"""Appetite-regulating Peptide Leptin Influences Alcohol Craving For Some Alcoholics
    Science Daily — Craving -- defined as a powerful urge to drink, or intense thoughts about alcohol -- is an important contributor to the development and maintenance of alcoholism. Recent research suggests that appetite-regulating hormones and peptides may be involved in the neurobiology of alcohol craving. A new study has confirmed that appetite-regulating peptides leptin and ghrelin do indeed influence alcohol craving, but especially among certain subtypes of alcoholics.

    Key findings:
    Craving is an important contributor to the development and maintenance of alcoholism.
    New findings show that appetite-regulating peptides leptin and ghrelin influence alcohol craving.
    Leptin's influence on craving is especially notable among patients of Lesch's Type 1 and 2.
    "We chose to examine leptin and ghrelin because both peptides are of high importance in appetite regulation and both have already been subject to former investigations," said Thomas Hillemacher, assistant professor in the department of psychiatry and psychotherapy at the University Hospital of Erlangen, Germany. "However, these former investigations have shown contradictory results which may have been due to their use of samples of alcoholics without specifying subgroups. This raised the idea of investigating these peptides in specific subtypes of alcohol dependence." Hillemacher is also the corresponding author for the study.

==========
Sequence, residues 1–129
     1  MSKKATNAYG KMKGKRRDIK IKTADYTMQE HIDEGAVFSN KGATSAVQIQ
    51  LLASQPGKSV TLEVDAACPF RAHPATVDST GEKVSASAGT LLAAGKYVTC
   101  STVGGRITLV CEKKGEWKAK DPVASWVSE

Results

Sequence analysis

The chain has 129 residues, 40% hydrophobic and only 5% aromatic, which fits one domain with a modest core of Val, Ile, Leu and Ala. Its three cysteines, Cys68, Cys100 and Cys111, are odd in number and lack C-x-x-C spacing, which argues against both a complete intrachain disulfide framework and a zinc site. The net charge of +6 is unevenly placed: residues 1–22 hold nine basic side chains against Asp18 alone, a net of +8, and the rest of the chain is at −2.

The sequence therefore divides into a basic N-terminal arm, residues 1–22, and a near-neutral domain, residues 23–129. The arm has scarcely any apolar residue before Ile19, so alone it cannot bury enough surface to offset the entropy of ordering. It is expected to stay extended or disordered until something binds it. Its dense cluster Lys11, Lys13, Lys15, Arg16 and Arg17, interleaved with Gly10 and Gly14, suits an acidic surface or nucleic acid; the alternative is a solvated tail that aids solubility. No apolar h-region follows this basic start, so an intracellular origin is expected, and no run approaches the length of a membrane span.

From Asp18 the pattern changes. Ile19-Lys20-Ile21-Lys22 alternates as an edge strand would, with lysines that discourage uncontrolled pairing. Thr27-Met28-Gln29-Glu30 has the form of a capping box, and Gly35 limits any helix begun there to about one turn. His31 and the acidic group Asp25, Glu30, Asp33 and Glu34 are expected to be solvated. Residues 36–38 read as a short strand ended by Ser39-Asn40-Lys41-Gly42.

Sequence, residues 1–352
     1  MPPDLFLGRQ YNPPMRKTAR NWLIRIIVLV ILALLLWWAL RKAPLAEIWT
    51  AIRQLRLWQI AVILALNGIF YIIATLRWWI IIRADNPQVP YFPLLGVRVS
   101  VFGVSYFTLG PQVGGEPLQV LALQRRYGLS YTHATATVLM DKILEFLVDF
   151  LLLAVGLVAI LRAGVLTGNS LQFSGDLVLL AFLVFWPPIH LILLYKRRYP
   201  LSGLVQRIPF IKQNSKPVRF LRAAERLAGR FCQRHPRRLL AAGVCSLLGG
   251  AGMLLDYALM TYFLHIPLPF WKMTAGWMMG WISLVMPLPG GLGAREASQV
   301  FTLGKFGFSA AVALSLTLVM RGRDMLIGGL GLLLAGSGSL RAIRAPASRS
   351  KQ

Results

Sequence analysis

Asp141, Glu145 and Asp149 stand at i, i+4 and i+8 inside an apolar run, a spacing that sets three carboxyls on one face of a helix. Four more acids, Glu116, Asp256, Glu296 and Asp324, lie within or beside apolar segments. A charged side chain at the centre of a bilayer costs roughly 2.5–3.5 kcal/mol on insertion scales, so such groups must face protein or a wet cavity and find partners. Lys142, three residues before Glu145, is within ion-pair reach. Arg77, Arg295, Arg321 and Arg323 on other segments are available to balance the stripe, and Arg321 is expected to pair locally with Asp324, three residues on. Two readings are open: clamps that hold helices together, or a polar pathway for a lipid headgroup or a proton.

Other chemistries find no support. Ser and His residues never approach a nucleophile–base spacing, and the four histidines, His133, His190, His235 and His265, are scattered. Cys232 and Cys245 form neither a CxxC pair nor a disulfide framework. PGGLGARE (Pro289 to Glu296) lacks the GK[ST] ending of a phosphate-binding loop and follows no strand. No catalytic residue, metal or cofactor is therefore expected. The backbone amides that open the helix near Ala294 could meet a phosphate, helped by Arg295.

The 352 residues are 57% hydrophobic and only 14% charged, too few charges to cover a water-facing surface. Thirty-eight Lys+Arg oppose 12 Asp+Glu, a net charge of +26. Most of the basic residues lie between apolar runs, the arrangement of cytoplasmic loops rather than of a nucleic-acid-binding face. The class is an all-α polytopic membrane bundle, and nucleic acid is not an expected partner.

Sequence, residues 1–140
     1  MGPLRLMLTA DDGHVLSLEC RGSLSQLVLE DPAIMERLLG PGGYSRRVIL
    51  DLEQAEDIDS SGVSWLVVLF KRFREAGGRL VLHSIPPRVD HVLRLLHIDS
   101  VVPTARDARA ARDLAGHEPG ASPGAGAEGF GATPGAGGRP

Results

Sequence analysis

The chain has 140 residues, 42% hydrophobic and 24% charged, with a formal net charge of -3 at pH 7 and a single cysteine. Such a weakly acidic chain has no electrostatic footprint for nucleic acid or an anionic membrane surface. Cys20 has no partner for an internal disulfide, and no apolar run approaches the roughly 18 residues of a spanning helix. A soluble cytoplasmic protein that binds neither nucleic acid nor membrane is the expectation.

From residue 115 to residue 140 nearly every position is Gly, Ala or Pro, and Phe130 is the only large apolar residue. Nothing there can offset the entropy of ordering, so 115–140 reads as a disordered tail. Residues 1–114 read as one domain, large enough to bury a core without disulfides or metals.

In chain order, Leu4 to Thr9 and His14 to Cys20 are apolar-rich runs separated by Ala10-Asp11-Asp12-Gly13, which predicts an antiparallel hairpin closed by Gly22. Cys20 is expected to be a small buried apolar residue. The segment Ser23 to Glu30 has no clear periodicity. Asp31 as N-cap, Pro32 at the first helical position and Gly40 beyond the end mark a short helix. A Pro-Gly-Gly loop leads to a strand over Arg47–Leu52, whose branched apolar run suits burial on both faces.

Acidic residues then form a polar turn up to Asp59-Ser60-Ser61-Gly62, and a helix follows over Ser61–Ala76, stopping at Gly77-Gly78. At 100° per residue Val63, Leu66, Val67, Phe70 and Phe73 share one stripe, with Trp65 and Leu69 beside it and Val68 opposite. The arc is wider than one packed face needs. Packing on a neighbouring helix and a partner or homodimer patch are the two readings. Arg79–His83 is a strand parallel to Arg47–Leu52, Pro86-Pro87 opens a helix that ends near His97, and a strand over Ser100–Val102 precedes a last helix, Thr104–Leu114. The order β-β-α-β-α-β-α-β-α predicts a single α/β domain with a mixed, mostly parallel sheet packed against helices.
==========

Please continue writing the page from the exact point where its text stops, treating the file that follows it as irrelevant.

"There exist four different mechanisms of craving, which can lead to relapse," explained Otto Lesch, professor of psychiatry at the University of Vienna. "We know that these four different mechanisms are caused by different biological mechanisms. They have different long-term courses and they profit significantly differently from different pharmaceutical compounds. Therefore, it is very important to define basic workings of these different craving mechanisms in order to develop better models to proof new medications."

    These four mechanisms of craving correspond to Lesch's typology of alcoholics according to different psychological, social and somatic characteristics. Type 1 refers to patients with heavy alcohol withdrawals who tend to use alcohol to weaken withdrawal symptoms. Type 2 patients use alcohol as self-medication because of its anxiolytic effects. In patients of Type 3, the main characteristic is an affective disorder as origin for alcohol abuse. Type 4 patients show pre-morbid cerebral defects, behavioral disorders and a high social burden.

    Researchers analyzed data gathered as part of a larger examination of different neurobiological aspects of alcohol dependence. Of the original sample of 200 patients, 188 (155 males, 33 females) provided leptin serum levels, and 117 (96 males, 21 females) provided ghrelin serum levels. Study authors measured craving through use of the Obsessive Compulsive Drinking Scale, and further classified patients according to Lesch's typology of alcohol dependence, as well as their preferred type of alcoholic beverage.